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Pre-paint Prep

Not all projects require sanding, but for those that do, the best finished product often depends on thorough sanding at the outset. Beginning with lower-grade sanding paper such as 250- or 300-grit is a fine way to start. Many painters shift the direction of sanding with each subsequent pass, avoiding straight horizontal or vertical strokes. A striated approach will enable you to more fully and evenly cover the entire area to be painted, and as you work upwards to finer grits, you’ll need to know the base is level and has been sanded accordingly.

Hand-sanding with a flexible foam or rubber block may ease projects with heavy contours. After sanding is complete, a few quick blasts with compressed air in one direction will shake loose any remaining dirt or grit from the project. Last, use a grease remover or waterborne cleaner to pick up all remaining material. Anti-static wipes will also help reduce dust as much as possible.

 

Booth Prep & Maintenance

Most paint booths are well ventilated, highly advanced spaces in which professional painters can focus on the task at hand and get to work quickly and efficiently. Nonetheless, painters should regularly check exhaust system filters and replace anything in poor condition. The same is true for lighting; since you can’t paint what you can’t see, ensure maximum visibility by replacing dim or burnt-out lights immediately. Shadows in the booth can wreak havoc on the paint job, especially with darker colors and tones.

Establishing regular booth cleaning and maintenance habits will go a long way toward easing future paint jobs. A clean booth will protect the cost of its investment, prolong its life and make paint prep and cleanup a pleasure and not a pain. Regular sweeping, washing the booth and keeping it free of floating particles and will help protect the paintable surfaces of your projects as well.

 

Painting

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Now, the fun part! Here are some strategies to raise your game:

Be safe. Always wear proper eye protection, an anti-static paint suit and quality gloves when handling paint materials. An air-supplied mask or hood respirator is paramount when in the booth.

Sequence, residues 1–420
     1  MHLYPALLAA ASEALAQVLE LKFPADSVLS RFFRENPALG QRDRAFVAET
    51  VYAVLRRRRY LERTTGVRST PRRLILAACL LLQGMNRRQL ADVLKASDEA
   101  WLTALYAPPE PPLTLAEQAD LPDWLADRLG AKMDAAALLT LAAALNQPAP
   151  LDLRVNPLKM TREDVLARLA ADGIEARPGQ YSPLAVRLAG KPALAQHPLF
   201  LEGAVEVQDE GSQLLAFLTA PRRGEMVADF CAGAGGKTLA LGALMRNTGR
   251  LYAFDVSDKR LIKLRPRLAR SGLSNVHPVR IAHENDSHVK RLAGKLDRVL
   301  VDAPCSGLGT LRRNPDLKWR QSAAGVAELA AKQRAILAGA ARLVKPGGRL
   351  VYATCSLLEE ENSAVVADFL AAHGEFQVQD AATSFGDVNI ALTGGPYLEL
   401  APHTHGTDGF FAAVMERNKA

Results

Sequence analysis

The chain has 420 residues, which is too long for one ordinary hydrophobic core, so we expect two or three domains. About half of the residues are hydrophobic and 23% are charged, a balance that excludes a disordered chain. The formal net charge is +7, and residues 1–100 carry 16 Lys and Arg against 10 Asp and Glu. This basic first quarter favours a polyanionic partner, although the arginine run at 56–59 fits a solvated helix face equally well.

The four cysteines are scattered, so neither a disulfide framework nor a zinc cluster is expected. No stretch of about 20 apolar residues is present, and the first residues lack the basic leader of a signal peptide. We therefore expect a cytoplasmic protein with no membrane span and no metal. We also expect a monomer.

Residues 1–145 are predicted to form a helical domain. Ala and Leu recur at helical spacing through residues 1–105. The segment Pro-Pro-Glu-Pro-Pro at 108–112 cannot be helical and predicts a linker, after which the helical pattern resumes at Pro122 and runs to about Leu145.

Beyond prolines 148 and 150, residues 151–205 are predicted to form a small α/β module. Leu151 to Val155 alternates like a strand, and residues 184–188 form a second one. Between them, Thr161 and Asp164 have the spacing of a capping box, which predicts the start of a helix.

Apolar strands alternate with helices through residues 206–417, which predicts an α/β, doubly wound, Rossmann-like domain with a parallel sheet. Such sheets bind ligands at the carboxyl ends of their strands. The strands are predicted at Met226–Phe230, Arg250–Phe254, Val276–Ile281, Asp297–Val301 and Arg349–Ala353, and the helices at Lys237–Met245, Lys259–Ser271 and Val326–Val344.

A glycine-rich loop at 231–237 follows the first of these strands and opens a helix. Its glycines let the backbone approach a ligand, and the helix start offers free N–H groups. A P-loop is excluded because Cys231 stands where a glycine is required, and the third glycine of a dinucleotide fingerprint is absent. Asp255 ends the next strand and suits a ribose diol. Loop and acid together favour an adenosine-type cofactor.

Mix and prep enough paint. Don’t let a good project go to waste because you were short on paint. The best paint management software systems for the mixing room have minimum-mix quantities built right in for every vehicle and repair that comes your way.

Speed things up. Establish an air-dry spot repair process in your shop for minor dings and scratches. Your customers will appreciate it, and this is a great alternative to paintless dent repair.

Use technology. The new UV-cure primers are great for spot repairs—check out the OneChoice® UV primer system with easy aerosol application, ready to sand in two minutes. And on the color-matching front, the latest spectrophotometers bring color formulas right to your fingertips in an instant, communicating directly with your paint room software.

Build it up right. Proper film build is the key to clearcoat durability. Too low, and you can get premature film failure, dieback and poor appearance. Too high can lead to solvent pop and potential adhesion failure. Aim for a final clearcoat film build of 2–2.5 mils. Knowing the film build is especially critical if you plan to buff afterwards—plan ahead!

 

Spray Gun Strategy

There are more options than ever for your primary paint tool, so ensure you have the one that works for you. The best gun will fit your hand, be simple to prep, spray, and clean, and provide similar results with regular technique. 

Some guns are specifically designed for primers and basecoats, others for clearcoats and flake. Budget permitting, a combination of all three is ideal. A dedicated clearcoat gun is always a good idea as it sprays the final (and prettiest) coat.

Hold the spray gun perpendicular to the project surface and try to maintain that distance for the whole project. Spray in deliberate, controlled strokes, keeping your wrist and elbow straight, moving your arm from the shoulder over the panel or project. Spray over the end of the entire panel to ensure a regular coat—don’t tilt your wrist outward to get the last little bit. You’ll get uneven results at the edges.

Clean your spray gun thoroughly. Many manufacturers provide a simple brush to clean the gun and cup inside and out. Flush the gun with the recommended material afterward—water-based guns should be flushed first with tap water and then the recommended cleaner. Never clean the spray gun air cap or nozzle with a hard pen point, knife or any other metal object that may damage it. Soft-surface nozzle cleaners are available.

 

Win with Waterborne

The increasing use of waterborne paints bears mentioning. Here are some tips to keep in mind.

Ensure that your compressor and drier are providing clean, dry air—use a temperature and humidity gauge to check for less than 10 percent humidity in the line.

Ensure good air flow in the booth, and make sure your booth is clean. Waterborne basecoats require sufficient air flow to dry properly. Check air flow by holding an anemometer 1 inch above the vehicle surface—75 CFM is a good target. Check air flow in the booth in all four corners, as well as above the vehicle roof line and along the sides of the rocker panels.

Basecoat viscosity greatly influences application and final appearance. Check periodically to ensure consistent performance—PPG recommends 23–28 seconds using a No. 4 DIN viscosity cup. Too thick? Add thinner. In high temp and high humidity, adjust viscosity to the lower range (23-24 seconds). This provides thinner coats and will dehydrate faster.

The Painter's Playbook is presented by PPG and SATA/Dan-Am Co.

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